Baseball people—and that includes myself—are slow to change and accept new ideas. I remember that it took years to persuade them to put numbers on uniforms.
—BRANCH RICKEY, 1954
Forty years after the Mahatma said that, baseball people are again wringing their hands over a fundamental change in the game. For the first time the World Series can conceivably be won by a team that finishes...painful as it is to write it...second.
Yes, there are now three divisions (East, Central, West) in each league and a new best-of-five round in postseason play. In that new format, the division winner with the best record meets the second-place finisher with the best record while the other two division winners play one another, with the victors moving on to the time-honored best-of-seven league championship series, which determines who's in the best-of-seven World Series, which could possibly produce—if delayed by weather a day or two—baseball's first Mr. November.
All of this has some baseball purists muttering about the apocalypse now. NBC's Bob Costas, who will make his return to the baseball broadcast booth this year, says, "With the wild card, you trash the integrity of the pennant race. Before, you won or went home. That is what made Bucky Dent's and Bobby Thomson's home runs so memorable. Everyone knows that in baseball, more than any other sport, a wild-card team has a better chance of upsetting the best team. Baseball is the one sport where history matters, and these people are ignoring that."
Yes, but history also tells us that there was similar teeth gnashing over the designated hitter, division play, the lowering of the mound, expansion, the bullpen cart...and uniform numbers. The angst over the wild-card team, too, shall pass. The trade-off for realignment, of course, is the doubling of opportunities for postseason play—the greater possibility that fans in such pennant-starved locales as Cleveland, Montreal, Seattle and Texas will at long last have something to cheer about in October. Still, it will all seem a little strange at first. As manager Joe Torre of the NL Central St. Louis Cardinals says, "I'll probably get disoriented when I read the standings the morning after our first game."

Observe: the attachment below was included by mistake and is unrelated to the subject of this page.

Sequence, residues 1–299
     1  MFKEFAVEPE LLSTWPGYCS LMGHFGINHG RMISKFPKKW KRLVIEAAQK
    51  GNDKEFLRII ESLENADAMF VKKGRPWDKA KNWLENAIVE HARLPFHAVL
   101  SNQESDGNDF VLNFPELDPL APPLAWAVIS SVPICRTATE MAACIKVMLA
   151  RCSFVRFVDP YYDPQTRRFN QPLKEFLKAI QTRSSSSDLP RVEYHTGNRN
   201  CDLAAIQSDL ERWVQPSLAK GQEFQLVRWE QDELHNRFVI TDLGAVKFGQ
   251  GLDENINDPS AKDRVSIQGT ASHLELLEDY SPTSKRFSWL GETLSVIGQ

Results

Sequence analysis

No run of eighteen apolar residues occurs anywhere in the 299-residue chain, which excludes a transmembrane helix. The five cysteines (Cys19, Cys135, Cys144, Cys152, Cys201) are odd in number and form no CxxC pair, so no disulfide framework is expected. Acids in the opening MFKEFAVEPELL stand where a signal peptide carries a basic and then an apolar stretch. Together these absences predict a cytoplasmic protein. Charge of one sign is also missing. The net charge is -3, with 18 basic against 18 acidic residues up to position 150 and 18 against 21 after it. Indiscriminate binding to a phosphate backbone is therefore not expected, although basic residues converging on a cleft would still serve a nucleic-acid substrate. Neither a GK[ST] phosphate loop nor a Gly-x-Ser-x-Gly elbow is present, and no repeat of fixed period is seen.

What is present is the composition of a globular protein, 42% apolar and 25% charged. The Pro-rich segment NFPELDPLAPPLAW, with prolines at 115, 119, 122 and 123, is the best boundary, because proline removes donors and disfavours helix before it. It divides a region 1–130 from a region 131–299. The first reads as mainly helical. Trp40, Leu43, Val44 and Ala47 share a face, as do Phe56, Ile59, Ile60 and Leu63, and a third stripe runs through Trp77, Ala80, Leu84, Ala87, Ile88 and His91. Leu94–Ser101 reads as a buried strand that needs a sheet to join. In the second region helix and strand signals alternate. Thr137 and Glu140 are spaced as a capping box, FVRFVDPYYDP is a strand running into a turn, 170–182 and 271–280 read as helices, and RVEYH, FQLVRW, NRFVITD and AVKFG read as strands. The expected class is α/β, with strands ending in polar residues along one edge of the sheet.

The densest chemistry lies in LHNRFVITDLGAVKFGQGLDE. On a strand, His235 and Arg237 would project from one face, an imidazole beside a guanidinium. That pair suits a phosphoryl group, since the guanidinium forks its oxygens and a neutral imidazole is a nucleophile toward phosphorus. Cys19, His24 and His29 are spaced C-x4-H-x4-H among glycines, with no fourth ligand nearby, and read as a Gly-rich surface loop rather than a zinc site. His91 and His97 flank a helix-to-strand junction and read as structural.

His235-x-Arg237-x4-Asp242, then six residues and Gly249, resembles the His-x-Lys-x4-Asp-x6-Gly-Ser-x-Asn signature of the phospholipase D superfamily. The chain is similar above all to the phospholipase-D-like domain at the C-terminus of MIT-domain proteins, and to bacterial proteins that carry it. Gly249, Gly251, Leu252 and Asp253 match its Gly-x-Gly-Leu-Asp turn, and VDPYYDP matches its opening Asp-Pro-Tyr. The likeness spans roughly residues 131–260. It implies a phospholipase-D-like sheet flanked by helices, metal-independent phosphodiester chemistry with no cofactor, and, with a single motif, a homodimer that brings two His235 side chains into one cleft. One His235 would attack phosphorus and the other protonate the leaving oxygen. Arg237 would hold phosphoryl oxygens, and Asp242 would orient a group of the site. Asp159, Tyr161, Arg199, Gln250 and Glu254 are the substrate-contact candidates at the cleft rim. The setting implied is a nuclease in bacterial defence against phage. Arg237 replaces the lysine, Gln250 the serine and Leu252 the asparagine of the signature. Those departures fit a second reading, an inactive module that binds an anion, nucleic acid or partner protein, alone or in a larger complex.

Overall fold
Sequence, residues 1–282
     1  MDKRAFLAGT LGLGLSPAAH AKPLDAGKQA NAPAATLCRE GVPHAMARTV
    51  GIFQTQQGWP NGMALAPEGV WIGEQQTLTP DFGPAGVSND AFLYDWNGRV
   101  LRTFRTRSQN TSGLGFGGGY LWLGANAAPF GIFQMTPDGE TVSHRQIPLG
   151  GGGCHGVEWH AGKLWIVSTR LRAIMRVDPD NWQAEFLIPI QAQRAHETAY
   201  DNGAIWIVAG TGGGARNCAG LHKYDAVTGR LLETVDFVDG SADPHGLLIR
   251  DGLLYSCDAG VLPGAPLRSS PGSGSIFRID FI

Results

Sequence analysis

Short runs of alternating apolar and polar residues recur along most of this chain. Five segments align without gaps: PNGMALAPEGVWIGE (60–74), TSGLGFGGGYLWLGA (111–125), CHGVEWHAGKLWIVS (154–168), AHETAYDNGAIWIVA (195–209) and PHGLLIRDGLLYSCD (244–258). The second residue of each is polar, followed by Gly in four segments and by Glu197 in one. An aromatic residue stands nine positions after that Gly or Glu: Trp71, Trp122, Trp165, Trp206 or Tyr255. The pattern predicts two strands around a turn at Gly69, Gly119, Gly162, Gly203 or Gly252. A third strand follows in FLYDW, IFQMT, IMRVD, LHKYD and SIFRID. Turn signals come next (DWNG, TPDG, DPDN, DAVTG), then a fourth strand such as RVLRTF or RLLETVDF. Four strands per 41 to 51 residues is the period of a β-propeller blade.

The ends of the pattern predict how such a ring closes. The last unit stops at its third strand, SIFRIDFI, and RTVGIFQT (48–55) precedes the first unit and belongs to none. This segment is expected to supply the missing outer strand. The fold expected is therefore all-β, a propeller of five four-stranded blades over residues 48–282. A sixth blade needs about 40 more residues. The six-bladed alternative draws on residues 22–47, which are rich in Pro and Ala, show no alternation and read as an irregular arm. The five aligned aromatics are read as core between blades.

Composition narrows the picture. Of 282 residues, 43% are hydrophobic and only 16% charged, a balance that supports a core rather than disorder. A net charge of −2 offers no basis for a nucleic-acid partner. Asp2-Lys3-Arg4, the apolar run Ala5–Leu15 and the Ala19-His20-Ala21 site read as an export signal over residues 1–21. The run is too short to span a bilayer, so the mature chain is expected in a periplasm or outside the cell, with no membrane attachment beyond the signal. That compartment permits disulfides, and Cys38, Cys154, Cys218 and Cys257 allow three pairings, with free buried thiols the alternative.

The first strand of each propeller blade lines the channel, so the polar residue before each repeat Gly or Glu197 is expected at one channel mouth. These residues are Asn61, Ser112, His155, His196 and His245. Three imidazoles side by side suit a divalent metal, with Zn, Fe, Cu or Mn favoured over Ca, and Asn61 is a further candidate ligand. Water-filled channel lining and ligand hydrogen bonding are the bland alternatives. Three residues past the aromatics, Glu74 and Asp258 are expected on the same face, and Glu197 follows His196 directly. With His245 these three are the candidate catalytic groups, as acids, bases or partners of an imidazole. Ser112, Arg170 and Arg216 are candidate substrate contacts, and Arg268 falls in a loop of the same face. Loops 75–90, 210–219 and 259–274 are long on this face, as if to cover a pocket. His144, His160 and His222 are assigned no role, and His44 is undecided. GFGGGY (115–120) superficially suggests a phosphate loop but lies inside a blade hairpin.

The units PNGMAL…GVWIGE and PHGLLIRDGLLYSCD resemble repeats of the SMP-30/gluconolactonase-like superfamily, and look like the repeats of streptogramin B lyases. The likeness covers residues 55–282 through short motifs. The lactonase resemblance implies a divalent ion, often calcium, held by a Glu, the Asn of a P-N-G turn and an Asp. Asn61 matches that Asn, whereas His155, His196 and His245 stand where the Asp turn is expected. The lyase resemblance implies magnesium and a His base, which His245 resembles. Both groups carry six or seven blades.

So, what else is new in '94? Baseball is starting a novel national-TV triple play, with ESPN, NBC and ABC on the relay. Cleveland and Texas have new ballparks, both designed, a la Camden Yards in Baltimore, to have a nostalgic look and feel. (And what Ranger fan doesn't long for the days of Joe Lovitto and Bill Gogolewski?) Finally, the Astros, the Brewers, the Indians and the Rangers will be breaking in new uniforms, the better to increase profits for Major League Baseball Properties.
All in all, the '94 season promises to be a memorable one—if only because we'll all be trying to remember what teams are in what divisions. This could also go down as a lost season if owners and players decide to play a dangerous game of chicken over a new Basic Agreement. There is already talk of a possible players' walkout before the postseason.
Oh, well. Some things never change.